Paul Whelan, a retired U.S. Marine currently imprisoned in Russia, was assaulted by a fellow inmate on Tuesday, according to his brother.
In a press statement shared with The Detroit News, David Whelan said his 53-year-old twin brother had been able to contact their family after the incident and recount the attack he'd endured. David Whelan said his brother recounted sitting at a sewing table in a prison workshop at around 1:30 p.m. Moscow time when a recently arrived prisoner began to obstruct his work.
"A new prisoner blocked part of the production line and Paul asked him to move out of the way. After repeated requests, the prisoner hit Paul in the face, breaking Paul's glasses in the process, and attempted to hit him a second time," David Whelan's statement on the attack read.
According to the statement, the attack occurred in a workshop area of the prison that the guards do not enter, and "Paul was at the mercy of this prisoner." The American inmate was able to stand up from his workspace to block successive blows by his assailant, and other prisoners eventually intervened to break up the altercation.
The Russian state-owned TASS news agency corroborated the attack in a Wednesday report, but claimed prison staff intervened to break up the fight.
Paul Whelan holds U.S., British, Irish, and Canadian citizenship. After a bad-conduct discharge from the Marine Corps in 2008, he went on to work as a corporate security executive for a Michigan-based international auto parts manufacturer. He was traveling in Moscow in December of 2018 when he was detained by Russian authorities on espionage charges. He was convicted in a Russian court in July of 2020, and sentenced to 16 years in prison.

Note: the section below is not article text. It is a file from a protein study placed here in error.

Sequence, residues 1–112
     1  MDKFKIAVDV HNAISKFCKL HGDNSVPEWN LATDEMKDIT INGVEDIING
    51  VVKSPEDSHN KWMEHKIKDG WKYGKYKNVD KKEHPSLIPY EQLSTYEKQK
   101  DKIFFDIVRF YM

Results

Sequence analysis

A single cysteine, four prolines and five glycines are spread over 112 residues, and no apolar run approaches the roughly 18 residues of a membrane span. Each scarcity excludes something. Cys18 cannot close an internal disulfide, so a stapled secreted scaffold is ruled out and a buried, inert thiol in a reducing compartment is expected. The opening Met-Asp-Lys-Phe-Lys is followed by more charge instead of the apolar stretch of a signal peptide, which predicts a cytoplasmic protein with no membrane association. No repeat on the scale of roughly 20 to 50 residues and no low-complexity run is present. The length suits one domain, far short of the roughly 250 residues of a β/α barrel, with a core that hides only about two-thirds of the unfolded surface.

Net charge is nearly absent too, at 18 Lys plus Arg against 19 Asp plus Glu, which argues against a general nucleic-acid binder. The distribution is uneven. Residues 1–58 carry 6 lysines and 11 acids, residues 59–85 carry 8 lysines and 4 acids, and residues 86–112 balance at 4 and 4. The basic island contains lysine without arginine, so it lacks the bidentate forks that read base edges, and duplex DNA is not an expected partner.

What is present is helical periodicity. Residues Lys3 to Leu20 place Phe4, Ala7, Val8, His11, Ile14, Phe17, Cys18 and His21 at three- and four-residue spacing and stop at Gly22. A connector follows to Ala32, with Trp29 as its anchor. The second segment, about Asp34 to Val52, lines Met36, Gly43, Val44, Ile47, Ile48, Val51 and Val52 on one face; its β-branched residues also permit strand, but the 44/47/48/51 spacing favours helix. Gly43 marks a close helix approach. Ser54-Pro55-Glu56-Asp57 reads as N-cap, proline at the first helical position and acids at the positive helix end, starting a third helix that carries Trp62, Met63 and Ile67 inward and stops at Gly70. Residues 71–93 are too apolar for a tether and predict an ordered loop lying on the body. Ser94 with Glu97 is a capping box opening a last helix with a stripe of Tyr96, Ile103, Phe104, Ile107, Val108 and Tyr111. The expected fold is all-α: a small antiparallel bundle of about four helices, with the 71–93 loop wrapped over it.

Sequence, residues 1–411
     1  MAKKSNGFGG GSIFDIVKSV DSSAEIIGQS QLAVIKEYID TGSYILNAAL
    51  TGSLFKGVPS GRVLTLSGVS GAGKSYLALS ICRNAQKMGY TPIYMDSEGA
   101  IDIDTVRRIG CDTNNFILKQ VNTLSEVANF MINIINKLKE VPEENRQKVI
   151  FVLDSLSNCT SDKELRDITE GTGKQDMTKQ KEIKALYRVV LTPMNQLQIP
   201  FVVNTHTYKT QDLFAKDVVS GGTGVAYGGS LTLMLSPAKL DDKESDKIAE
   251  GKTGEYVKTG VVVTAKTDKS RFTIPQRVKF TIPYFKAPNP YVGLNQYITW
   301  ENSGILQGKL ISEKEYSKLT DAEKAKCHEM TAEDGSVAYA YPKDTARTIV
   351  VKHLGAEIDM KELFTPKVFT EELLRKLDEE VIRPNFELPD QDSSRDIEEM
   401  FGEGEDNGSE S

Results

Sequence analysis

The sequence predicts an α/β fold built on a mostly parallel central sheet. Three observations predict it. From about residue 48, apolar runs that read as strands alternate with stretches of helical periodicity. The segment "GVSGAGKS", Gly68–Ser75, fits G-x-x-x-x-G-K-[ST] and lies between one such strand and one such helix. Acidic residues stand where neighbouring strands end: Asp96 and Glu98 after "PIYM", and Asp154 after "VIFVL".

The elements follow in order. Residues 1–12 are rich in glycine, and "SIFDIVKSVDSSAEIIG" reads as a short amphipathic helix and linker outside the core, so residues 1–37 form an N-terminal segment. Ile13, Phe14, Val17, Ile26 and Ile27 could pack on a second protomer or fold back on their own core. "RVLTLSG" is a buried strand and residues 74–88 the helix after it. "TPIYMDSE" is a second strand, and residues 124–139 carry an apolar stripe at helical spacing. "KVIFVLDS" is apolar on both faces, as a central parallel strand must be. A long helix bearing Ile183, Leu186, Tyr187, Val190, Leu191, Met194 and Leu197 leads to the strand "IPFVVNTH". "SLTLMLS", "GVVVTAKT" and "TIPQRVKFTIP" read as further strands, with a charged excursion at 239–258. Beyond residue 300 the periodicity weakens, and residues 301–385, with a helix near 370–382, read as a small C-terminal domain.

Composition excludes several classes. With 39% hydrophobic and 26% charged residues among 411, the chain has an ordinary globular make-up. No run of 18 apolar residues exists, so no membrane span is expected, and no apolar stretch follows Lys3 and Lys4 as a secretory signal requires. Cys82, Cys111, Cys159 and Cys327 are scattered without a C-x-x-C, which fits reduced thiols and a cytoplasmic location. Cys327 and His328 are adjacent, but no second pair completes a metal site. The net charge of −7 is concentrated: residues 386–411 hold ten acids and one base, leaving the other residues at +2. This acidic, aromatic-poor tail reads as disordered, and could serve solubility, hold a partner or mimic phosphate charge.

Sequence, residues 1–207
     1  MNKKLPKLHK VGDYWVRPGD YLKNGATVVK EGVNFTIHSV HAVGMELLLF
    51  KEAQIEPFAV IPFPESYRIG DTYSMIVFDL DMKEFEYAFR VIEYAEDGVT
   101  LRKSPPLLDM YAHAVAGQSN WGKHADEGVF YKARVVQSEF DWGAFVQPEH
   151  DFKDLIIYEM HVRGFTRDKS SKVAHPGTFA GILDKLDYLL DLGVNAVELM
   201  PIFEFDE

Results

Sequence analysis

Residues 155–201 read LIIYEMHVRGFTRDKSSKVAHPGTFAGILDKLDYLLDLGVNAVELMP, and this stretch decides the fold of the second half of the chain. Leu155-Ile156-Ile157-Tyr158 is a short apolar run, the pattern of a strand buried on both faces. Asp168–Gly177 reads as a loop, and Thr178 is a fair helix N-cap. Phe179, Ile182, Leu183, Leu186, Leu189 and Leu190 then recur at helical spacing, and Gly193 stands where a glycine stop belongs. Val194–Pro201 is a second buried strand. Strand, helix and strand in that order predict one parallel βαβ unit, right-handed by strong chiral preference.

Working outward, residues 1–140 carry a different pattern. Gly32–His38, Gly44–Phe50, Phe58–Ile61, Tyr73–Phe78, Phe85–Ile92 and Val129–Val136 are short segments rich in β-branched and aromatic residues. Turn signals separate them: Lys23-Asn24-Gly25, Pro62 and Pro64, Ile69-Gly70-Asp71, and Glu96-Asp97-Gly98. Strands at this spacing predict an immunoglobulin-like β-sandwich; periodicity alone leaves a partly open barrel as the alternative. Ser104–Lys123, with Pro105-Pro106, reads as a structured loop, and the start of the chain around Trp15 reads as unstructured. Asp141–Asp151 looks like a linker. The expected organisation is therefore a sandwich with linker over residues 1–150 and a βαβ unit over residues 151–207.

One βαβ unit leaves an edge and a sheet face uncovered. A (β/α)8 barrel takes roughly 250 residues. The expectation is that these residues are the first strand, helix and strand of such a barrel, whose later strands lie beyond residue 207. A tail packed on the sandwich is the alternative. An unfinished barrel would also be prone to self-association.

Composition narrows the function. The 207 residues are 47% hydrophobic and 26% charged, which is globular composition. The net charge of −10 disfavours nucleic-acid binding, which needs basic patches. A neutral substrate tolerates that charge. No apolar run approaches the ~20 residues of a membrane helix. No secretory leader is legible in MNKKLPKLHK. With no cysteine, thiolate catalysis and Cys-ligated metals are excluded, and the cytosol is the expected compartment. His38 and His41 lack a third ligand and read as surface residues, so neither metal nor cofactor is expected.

In his statement for The Detroit News on Tuesday, David Whelan shared his family's concerns about his brother's well-being as he continues his prison term at the IK-17 penal facility in the western Russian Republic of Mordovia.
"Paul is a target because he is an American and anti-American sentiment is not uncommon among the other prisoners," he told the news outlet.
"It is too early to know whether they will take steps to ensure his safety in the future, both from this prisoner and others who may decide they have nothing to lose by attacking Paul."
David Whelan said prisoners have access to "various sharp implements" in the prison workshop where his brother was attacked on Tuesday, and expressed concern about similar or, potentially, even worse attacks.
Biden Admin Seeking to Free Whelan, Others
The U.S. State Department considers Paul Whelan to be a wrongfully detained U.S. citizen and the Biden administration continues to negotiate for his release, as the five-year anniversary of his detention nears.
Last year, the Biden administration arranged a deal to release Russian national Viktor Bout in exchange for the release of Brittney Griner, a WNBA basketball player who was arrested in Moscow. Mr. Bout was serving a 25-year prison sentence in the United States after being convicted on arms trafficking charges, while Ms. Griner was imprisoned in Russia after being convicted for a drug offense. The Biden administration said it had sought Mr. Whelan's release as part of the Bout-Griner swap agreement, but that the Russian side refused.
The U.S. Ambassador to Russia, Lynne Tracy, visited Mr. Whelan in prison in September.
The Biden administration and U.S. lawmakers have also pushed for the release of Evan Gershkovich, a Wall Street Journal reporter who had been covering Russia and who was detained in March of this year on spying charges.
Alsu Kurmasheva, a Russian-American citizen who works for Radio Free Europe/Radio Liberty (RFE/RL), has also been detained in Russia since June, and was formally arrested and charged last month with failing to register as an agent of a foreign government. The U.S. State Department has yet to designate Ms. Kurmasheva as a wrongfully detained U.S. citizen, despite requests for such designation by her family.
At a press conference earlier this month, State Department spokesperson Matthew Miller said the U.S. side has to gather the appropriate facts before it could make such a determination about her detention. He said the U.S. side hadn't yet established consular access to meet with Ms. Kurmasheva as her case proceeds through the Russian court system.